Prime Minister Jüri Ratas (Center) said on Thursday that as of Jan. 5, 58 percent of all of Estonia's pensioners had gained income due to the recent income tax reform.
Ratas told ERR's Terevisioon breakfast TV program on Thursday that he has seen the first survey by the Social Insurance Board since the changes to the tax-free salary amounts entered into effect at the beginning of the month.
"Where the initial opinion was that some 42 percent of today's pensioners would earn more, the most recent data shows that 58 are earning more, nothing has changed for 25 percent, and that 17 percent have had to contribute more," Ratas said.
With the tax system change that entered into effect on Jan. 1, the state is now changing the tax-free salary according to the gross income of any individual. Incomes below €1,200 gross have a tax-free share of €500, incomes from €1,201 to €2,099 get their tax-free share calculated according to a specific formula (click here for more information), and incomes of €2,100 or more are granted no tax-free share anymore at all.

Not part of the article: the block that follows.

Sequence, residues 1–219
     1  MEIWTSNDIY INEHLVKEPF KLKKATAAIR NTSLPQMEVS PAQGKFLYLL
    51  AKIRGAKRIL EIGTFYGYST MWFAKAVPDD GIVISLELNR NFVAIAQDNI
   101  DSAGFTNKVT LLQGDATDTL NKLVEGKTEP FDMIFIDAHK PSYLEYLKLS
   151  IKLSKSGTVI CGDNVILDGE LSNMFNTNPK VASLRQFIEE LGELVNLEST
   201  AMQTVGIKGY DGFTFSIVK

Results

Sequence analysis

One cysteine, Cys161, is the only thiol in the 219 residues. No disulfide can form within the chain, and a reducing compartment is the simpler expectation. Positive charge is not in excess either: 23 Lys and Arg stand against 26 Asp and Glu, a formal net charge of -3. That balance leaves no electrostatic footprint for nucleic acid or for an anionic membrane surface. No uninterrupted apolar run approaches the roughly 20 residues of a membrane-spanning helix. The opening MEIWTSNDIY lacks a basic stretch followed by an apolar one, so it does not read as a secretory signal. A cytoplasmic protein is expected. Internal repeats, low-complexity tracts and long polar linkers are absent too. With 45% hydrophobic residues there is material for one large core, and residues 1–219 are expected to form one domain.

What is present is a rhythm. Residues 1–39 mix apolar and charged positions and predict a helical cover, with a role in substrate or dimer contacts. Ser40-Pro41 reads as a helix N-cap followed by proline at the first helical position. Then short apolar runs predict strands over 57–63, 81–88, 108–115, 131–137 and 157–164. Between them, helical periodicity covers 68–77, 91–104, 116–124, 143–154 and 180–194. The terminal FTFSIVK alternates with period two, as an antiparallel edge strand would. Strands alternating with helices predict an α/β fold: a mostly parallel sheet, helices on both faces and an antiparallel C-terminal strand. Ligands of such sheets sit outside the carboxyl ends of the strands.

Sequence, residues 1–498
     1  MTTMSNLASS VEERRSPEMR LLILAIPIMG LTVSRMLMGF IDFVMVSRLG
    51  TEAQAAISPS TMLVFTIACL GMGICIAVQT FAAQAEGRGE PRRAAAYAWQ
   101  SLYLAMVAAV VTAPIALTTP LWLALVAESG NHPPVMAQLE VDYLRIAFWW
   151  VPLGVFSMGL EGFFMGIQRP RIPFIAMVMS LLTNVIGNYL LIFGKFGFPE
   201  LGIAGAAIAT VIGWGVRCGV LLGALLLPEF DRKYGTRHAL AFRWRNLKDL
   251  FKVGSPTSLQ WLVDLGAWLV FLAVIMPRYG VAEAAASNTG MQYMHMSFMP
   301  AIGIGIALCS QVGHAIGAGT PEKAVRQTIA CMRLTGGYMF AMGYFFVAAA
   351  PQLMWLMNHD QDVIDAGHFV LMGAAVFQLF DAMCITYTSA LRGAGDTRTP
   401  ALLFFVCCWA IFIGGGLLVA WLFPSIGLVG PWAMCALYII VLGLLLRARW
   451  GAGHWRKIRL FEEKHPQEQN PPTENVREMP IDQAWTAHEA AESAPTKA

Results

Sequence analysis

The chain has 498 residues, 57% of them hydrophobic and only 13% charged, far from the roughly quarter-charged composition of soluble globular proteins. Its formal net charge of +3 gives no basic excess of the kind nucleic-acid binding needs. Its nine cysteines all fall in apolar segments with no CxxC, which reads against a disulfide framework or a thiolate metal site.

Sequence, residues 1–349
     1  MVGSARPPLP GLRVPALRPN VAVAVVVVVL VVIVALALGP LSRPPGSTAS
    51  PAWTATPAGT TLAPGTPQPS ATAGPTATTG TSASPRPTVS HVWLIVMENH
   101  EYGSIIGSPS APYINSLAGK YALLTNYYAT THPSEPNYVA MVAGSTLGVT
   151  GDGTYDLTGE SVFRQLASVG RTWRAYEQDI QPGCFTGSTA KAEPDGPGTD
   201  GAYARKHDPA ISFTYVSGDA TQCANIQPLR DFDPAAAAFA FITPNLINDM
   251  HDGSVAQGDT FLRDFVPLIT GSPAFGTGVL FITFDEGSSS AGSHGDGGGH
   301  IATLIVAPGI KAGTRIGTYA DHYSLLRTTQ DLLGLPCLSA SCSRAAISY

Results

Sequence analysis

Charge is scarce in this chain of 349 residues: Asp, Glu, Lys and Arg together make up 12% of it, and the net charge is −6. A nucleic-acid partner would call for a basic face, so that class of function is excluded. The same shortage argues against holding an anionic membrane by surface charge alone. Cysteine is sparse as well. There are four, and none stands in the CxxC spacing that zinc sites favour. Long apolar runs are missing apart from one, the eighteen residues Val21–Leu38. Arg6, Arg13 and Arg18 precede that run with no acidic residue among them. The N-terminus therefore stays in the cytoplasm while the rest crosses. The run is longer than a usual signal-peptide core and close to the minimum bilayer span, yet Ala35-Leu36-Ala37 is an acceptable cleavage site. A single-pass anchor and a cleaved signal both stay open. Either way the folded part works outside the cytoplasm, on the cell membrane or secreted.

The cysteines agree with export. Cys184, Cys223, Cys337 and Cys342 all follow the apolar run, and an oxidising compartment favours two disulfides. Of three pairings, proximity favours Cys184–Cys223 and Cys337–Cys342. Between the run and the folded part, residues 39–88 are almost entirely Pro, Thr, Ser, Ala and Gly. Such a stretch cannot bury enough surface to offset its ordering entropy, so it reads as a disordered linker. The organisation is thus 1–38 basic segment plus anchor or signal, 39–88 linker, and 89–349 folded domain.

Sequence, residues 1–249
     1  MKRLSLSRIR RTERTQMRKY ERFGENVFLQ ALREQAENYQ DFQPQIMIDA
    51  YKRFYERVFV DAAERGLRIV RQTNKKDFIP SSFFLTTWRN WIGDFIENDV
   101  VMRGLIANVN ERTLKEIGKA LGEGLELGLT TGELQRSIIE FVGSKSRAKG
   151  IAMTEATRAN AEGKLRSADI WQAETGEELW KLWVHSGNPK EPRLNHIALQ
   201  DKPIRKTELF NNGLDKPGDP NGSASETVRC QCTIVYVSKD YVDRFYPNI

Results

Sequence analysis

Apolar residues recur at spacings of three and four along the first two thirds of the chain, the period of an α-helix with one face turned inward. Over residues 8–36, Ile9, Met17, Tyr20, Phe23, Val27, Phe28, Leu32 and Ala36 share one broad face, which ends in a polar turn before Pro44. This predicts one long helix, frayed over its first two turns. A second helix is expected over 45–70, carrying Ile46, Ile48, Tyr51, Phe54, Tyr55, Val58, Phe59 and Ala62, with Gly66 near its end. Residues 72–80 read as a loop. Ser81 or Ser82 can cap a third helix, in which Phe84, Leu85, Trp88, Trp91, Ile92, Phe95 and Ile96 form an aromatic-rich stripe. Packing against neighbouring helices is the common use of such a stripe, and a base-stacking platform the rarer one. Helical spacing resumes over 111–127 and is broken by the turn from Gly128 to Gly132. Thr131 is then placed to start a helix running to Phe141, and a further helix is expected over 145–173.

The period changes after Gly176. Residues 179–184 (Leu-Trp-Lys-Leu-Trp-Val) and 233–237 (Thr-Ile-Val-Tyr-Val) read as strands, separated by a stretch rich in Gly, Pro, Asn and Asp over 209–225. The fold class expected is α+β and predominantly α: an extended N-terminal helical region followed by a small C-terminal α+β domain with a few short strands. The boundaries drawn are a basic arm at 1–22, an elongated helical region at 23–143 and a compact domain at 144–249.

The data is preliminary, a first more comprehensive analysis will be available at the end of January, Ratas said.
Not all of the country's pensioners have submitted their application for the tax-free minimum on their pensions. In fact, 68,000 of them have done so through their employers, Ratas pointed out.
"One of the basic ideas of the income tax reform was to increase society's coherence and solidarity, and we see that people with low or average incomes have been a problem in Estonia, as they are earning too little," he added.
Editor: Dario Cavegn